Candy maker Richardson Brands is willing to wait until May to learn whether grant funding for factory upgrades is forthcoming. If it is not, the company, which employs 128 people, will have to close up shop and move operations to Connecticut, a company official said Thursday.
Richardson CEO Don Butte said he addressed employees who are growing concerned about their jobs to assure them the company is trying to gather funding for critical upgrades needed before another village business "” Beech-Nut "” closes down and moves to the Florida Business Park.
The Beech-Nut facility on Church Street and the Richardson Brands buildings on both sides of Erie Boulevard were once part of a single complex owned by Beech-Nut, Butte said.
Beech-Nut provides steam from its Church Street plant to the Erie Boulevard site through underground piping, but the flow of steam will be shut down when Beech-Nut leaves. "We need to be prepared for that," Butte said.
Butte said it will cost approximately $1.2 million to install a boiler dedicated to the Richardson Brands' operations.
So far, grant applications have been submitted to the New York State Energy Research and Development Authority for $400,000, to National Grid for $400,000 and to the U.S. Department of Energy for $200,000, Butte said.
An application for $500,000 in the form of a state grant has been submitted as well, Montgomery County Economic Development Specialist Crystal R. Ricciuti said.
Butte said most companies that make candy use steam for cooking the candy; they also use it to heat the building.
Butte said the only alternative to installing a new boiler in the plant "” which would take about 15 months including planning and design "” is to bring in large, mobile steam generators on trucks.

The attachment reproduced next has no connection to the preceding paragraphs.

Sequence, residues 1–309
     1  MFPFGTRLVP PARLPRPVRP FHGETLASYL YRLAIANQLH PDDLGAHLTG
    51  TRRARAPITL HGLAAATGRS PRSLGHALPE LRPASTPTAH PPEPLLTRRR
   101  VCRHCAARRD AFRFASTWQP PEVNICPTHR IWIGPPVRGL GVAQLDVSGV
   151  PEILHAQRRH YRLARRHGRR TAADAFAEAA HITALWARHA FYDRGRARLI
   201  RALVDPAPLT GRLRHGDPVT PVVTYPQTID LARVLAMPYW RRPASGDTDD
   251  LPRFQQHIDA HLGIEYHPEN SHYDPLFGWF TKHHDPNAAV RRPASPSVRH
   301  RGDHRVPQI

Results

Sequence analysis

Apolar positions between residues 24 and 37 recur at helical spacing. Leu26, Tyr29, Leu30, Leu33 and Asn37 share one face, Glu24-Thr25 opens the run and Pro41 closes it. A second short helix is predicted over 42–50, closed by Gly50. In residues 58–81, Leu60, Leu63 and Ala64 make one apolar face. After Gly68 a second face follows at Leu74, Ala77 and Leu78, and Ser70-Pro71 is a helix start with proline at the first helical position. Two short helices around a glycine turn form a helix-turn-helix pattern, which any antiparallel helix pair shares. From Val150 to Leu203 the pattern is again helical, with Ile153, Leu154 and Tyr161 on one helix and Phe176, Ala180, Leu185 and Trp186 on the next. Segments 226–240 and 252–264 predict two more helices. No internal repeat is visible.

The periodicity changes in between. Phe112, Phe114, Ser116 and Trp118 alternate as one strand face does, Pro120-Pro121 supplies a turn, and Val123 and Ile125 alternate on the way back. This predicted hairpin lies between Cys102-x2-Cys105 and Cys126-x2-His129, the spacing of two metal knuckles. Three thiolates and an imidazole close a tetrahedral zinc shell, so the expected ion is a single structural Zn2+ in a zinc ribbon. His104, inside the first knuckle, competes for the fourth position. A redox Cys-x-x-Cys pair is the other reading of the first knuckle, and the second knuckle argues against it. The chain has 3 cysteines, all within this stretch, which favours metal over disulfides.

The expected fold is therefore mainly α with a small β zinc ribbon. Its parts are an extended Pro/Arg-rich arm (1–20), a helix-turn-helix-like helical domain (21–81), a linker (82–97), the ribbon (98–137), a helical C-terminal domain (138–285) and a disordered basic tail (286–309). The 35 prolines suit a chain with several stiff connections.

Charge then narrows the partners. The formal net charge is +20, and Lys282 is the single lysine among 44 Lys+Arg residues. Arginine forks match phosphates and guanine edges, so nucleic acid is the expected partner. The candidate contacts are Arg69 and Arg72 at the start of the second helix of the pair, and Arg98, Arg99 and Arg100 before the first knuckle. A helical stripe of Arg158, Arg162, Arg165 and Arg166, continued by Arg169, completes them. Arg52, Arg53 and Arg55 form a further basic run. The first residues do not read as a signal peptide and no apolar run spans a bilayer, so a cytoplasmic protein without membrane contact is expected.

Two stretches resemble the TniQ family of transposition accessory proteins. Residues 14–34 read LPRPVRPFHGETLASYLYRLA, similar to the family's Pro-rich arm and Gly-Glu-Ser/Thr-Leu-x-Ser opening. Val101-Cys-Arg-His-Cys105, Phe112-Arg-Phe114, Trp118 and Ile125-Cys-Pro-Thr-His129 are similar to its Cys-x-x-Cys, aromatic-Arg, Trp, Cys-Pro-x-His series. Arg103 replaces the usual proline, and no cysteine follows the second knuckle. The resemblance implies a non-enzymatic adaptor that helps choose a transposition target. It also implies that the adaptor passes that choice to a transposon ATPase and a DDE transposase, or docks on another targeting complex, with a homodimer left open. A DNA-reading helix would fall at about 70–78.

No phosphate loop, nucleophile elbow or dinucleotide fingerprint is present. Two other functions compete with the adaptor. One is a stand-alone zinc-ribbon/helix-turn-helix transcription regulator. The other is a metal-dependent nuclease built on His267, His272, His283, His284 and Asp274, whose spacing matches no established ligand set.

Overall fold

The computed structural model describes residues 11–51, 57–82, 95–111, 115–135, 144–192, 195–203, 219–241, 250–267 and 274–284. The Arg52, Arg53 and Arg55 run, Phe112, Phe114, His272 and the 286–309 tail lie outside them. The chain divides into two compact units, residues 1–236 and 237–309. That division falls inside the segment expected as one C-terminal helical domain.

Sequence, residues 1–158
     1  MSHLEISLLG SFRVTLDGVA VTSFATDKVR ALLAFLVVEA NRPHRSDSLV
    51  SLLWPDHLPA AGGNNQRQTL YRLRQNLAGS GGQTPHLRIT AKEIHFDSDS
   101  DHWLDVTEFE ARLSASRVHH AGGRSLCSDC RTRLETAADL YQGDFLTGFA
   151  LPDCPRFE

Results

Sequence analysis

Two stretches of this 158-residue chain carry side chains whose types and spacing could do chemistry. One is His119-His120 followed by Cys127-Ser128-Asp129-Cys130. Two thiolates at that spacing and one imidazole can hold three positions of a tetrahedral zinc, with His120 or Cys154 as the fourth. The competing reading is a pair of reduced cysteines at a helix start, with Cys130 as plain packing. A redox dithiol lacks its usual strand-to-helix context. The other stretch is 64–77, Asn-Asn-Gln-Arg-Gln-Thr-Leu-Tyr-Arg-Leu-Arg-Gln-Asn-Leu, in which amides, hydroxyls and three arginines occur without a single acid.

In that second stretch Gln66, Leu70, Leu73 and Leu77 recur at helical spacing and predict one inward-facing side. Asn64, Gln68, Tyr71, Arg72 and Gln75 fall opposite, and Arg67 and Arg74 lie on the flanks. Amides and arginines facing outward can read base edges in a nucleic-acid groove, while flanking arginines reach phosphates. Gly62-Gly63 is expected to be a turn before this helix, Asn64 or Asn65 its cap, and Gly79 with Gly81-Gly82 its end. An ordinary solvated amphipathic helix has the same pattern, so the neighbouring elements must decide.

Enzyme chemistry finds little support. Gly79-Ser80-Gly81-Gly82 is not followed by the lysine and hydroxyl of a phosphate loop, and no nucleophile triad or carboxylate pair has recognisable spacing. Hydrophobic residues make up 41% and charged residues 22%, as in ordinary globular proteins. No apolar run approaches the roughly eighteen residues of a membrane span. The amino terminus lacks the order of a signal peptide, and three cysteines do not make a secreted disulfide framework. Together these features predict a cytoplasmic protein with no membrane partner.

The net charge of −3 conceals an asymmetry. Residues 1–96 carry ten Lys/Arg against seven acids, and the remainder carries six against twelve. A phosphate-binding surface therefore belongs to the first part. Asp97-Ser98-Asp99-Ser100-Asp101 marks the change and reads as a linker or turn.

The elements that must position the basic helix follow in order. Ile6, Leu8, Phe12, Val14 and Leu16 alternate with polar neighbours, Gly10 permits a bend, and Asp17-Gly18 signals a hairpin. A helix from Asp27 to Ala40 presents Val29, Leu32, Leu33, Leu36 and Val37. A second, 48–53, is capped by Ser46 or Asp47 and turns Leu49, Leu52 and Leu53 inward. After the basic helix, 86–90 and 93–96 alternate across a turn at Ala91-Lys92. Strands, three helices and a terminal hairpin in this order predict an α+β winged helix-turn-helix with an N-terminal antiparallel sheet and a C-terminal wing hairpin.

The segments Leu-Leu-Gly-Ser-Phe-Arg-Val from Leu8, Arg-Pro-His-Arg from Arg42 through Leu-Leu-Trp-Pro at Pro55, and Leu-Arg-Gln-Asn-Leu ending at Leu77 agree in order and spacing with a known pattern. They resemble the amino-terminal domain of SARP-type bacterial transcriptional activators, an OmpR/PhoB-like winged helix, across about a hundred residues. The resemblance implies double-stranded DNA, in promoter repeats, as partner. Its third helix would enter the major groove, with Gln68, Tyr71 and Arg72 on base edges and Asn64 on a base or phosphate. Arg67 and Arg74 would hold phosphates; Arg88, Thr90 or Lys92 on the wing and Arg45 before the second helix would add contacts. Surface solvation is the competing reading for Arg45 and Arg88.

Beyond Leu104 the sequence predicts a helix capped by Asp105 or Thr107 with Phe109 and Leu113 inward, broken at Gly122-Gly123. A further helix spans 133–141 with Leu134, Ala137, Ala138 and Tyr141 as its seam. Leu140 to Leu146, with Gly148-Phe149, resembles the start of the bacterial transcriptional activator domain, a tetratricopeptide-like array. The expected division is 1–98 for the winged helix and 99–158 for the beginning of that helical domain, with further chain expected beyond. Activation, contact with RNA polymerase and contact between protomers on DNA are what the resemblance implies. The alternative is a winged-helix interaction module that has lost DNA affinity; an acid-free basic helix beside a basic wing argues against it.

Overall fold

It's unlikely Richardson Brands would take that route because of the cost, he said.
Richardson uses only about one-tenth of the steam generated by Beech-Nut's boilers, and the condensation return line is no longer functioning, so working out a deal with Beech-Nut to keep the boilers running after Beech-Nut leaves is unlikely, Butte said.
Butte said private financing through a bank is unlikely as well because it's his understanding bankers want more assurances, such as financial support from the state, to know the company will continue operating.
Richardson's local operation uses only about 30 percent of the building's space, but company officials want to buy other businesses to fill up the plant, Butte said.
Acquisition plans on hold right now could grow the company into a $100 million operation within five years, Butte said.
Currently, Richardson Brands does about $25 million in business with a payroll of about $5 million, he said.
The company is also planning to apply for more grant funding over the next three years "” $14 million altogether.
It was unclear Thursday how likely the company is to secure such funding.
Asked for comment, Empire State Development on Thursday provided the following statement, attributed to a spokesperson: "Empire State Development has been working with Richardson Brands and will continue to work with them to determine whether, and the extent to which, our assistance may be required."